Hip hop shows are a funny thing when the artist transcends in popularity. It’s an issue I have with many of these big name arena gigs, but it’s also an issue I’m well aware of not changing any time soon. In place of deep, great, cuts of music, comes an emphasis on ensuring the ‘turn up’ is real – experimentation with a set list is a no go because when you’ve got a well-oiled and tightly run production, there can be no room for error.
It’s the type of approach to these huge international shows that make bank for artists like Drake, Kanye West and even Beyoncé and really, I can’t blame them. As a punter, we get a slick and excellently executed show of the hits and the songs that have made them within a certain demographic; but if you’re Day One fan, chances are that when your favourite skyrockets in profile, you’re not going to get that intimate show experience you’ve perhaps wanted from the beginning.
But, I digress.
We’re talking about the Boy Meets World Tour Drake has been taking around Australia and New Zealand over the last three weeks. His third sold out show in Melbourne on Monday night also marked the end point for the Canadian R&B/hip hop superstar and considering it has been two years and two records (three, if you count the Future collab album What a Time To Be Alive) in between drinks with his Australian fans, Drizzy had a lot of ground to cover.
Popping up in the middle of Rod Laver Arena and dressed in a track suit that he must have been sweating bullets in, Drake launched into his well-trodden set that began with “Free Smoke” and would end with “Fake Love” and “Legend”.
First thing’s first, there’s a lot of running. Back and forth, side to side, Drake made sure that all sides of Rod Laver Arena were included – as much as possible – the furious ball of energy he was creating with each performance. His now infamous interlude of shout outs was as extensive as previous accounts claimed (though, if you saw him on the 2015 Future Music Festival tour, this won’t have come as a surprise) but still, I enjoyed Drake encouraging the crowd to congratulate a couple he’d spotted for being at the show on their fifth anniversary, than enduring Kanye West telling the crowd of his brief past as a telemarketer so he could afford his first pair of Gucci loafers. “I can’t even keep a girl for five minutes,” Drake jokes.
Playing directly into the crowd in the General Admission area on the floor beneath him, Drake kept the vibe high, mashing together a medley early on (omitting his “Fuckin’ Problems” verse, which sucked), featuring cuts from “Worst Behavior”, “All Me”, “Versace” and “We Made It”. While the response never dipped below a loud cheer and holler, my interest did begin to wane slightly as we approached the midway point, only because it was becoming clear that this was an Arena Show By Numbers. Sure, Drake nailed each aspect and if this was my first time seeing him, I’m sure my reaction would have been much more gobsmacked. Unfortunately though, we teetered on same-y at more than a few points, which was a shame.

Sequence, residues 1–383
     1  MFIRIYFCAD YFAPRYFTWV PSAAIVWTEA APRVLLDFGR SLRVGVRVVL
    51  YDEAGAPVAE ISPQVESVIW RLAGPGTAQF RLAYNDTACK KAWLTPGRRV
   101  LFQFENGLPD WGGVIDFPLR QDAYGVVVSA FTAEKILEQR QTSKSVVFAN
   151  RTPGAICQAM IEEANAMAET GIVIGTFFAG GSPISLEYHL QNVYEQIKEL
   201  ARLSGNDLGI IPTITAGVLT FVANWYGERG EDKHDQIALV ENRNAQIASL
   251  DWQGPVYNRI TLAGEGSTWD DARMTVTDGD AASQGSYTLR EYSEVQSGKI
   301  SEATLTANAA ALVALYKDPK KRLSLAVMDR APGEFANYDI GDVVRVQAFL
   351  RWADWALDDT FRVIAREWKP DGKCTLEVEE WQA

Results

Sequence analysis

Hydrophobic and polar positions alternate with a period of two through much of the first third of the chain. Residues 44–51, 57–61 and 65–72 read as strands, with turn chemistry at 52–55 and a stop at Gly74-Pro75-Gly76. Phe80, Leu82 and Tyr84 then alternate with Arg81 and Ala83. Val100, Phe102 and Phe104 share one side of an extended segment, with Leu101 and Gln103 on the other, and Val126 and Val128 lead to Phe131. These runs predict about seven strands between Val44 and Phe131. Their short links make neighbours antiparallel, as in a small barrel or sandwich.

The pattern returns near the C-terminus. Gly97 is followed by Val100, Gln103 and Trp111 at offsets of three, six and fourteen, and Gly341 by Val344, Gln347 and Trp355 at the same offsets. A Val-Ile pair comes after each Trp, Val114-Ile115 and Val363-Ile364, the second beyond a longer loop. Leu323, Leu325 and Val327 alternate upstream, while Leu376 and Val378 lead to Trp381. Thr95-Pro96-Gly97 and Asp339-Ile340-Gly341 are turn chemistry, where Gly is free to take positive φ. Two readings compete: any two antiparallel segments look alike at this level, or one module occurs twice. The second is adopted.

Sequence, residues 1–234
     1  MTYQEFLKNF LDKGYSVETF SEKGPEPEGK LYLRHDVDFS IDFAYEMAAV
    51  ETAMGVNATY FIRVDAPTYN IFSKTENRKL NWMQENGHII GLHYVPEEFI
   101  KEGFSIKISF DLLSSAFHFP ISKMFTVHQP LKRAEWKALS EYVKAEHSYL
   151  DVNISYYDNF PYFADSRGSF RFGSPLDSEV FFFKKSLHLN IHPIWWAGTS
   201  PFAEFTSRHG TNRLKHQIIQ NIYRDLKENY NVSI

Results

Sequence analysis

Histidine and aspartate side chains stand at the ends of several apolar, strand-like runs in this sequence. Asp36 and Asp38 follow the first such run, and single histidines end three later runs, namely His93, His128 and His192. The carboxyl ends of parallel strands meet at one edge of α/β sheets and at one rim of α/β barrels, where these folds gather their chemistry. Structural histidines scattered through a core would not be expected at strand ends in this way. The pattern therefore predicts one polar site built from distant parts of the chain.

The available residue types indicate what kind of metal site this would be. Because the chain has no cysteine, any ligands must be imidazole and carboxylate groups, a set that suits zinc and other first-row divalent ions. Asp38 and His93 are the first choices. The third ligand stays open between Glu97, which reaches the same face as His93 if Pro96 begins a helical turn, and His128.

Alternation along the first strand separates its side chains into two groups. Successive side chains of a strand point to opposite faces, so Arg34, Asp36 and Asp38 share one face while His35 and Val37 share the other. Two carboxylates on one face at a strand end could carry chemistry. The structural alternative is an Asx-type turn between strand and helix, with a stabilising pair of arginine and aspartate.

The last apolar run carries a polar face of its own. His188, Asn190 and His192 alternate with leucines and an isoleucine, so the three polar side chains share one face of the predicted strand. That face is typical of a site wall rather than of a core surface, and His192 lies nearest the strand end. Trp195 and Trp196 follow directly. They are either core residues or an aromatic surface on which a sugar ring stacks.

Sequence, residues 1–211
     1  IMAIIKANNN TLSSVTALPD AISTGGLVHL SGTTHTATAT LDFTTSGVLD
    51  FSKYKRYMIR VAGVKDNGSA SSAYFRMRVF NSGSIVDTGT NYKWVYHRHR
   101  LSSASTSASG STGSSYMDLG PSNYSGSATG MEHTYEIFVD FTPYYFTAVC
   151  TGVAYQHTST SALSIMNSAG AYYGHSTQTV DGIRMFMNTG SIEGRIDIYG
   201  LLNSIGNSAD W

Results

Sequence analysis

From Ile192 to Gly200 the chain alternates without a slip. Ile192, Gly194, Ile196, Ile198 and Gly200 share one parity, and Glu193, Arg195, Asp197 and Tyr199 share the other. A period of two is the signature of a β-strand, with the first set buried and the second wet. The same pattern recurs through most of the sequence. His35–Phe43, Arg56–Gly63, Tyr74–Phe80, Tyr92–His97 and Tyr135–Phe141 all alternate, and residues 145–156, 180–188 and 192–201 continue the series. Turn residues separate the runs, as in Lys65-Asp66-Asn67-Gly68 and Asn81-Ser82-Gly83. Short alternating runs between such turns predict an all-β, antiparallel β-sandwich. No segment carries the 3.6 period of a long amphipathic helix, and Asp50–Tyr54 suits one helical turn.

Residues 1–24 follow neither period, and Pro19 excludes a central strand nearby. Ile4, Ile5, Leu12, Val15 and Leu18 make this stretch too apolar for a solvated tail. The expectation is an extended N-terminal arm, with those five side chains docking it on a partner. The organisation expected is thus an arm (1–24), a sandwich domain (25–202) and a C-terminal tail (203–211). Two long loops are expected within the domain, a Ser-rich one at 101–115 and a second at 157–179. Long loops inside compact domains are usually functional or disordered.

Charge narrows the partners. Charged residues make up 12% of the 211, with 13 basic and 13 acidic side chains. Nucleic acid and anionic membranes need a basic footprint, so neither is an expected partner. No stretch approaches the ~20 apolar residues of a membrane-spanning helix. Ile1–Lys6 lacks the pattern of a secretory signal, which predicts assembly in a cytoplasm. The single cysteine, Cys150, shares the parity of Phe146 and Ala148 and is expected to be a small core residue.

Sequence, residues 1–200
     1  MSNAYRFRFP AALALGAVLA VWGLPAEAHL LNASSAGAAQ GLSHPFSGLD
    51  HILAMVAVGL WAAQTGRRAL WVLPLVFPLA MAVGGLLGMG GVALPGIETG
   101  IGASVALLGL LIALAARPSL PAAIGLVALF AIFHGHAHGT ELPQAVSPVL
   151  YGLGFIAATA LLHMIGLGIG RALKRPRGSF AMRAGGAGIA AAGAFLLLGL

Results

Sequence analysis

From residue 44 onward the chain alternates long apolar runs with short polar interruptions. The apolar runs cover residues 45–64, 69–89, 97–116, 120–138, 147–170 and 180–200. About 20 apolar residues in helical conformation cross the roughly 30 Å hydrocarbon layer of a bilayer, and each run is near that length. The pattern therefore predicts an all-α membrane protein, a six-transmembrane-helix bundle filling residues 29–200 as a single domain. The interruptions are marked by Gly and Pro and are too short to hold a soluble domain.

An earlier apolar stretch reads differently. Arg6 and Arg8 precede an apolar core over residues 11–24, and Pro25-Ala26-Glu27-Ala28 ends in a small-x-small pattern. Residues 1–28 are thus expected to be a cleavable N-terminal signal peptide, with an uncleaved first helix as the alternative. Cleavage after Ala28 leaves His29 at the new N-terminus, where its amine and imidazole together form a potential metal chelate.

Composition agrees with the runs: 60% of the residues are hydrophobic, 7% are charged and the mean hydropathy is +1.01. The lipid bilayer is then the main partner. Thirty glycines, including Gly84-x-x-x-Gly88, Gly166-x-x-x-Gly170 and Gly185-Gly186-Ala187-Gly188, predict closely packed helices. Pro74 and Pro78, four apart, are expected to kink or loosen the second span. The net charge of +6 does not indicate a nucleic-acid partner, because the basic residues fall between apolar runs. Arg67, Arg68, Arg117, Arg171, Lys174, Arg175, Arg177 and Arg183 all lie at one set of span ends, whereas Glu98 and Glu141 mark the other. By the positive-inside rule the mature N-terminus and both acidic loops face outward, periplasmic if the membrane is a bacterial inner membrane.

Still, the show wasn’t a bust when you take in the production scale Drake has employed on this tour. The floating halogen lights, pyro and smoke that took over Rod Laver Arena was one thing, but the erection of the massive sun to take out the show, was epic. The way the sun ‘died’, changing from the traditional silvers and greys, to a burning red, was a great bit of theatre, not to mention a great use of space.
Also, the Rihanna portion of the night proved to be one of the best, possibly solidifying how great the couple are in a musical partnership, even if they didn’t work out off-stage. “Work” and “Too Good” bookended the still-untouchable “Take Care”, before the set dipped back into “Controlla”-era Drake, as the reggae/dancehall beats bounced seamlessly, as did Drake’s two dancers, Aaliyah and Toya. Covering Fetty Wap‘s “My Way”, Gucci Mane‘s “Both” and doling out “The Motto” and “For Free” in quick succession were great additions to the set.
As I remembered from his festival gig back in 2015, Drake is polite but definitely knows how to work his crowd. He incites a crowd sing-off with ease, before uniting us all; calls up to crowd members in seats he could see were on crutches, offering his appreciation, while opening “Energy” with a mini-dedication to all those who are stopping you from being happy and successful. We’re Drake’s extended family tonight, and if people don’t fuck with us, then Drake doesn’t fuck with them.
A nice sentiment, but one I did find amusing considering how many of those people potentially are also buying tickets to Drake’s shows.
There was no encore to this show, a great move I thought, on Drake’s part. There was so much in this show already, it was safe to say the 6 God well and truly did his job. Before descending beneath the stage in a cloud of smoke, he tells us that his manager asked him what he wanted to do, now the tour was over. Did he want to go on vacation? No, of course not. We’re left with a promise of Drake returning to LA to make his best album yet, naturally.
Going off the amount of Drake music being bumped in cars and loudly on phones by fans as I left the venue, there’s still a lot of ground for Aubrey Graham to cover and no doubt, there’s always going to be an audience for it.
The reviewer attended this show on November 20th.
Photo by Michelle Grace Hunder.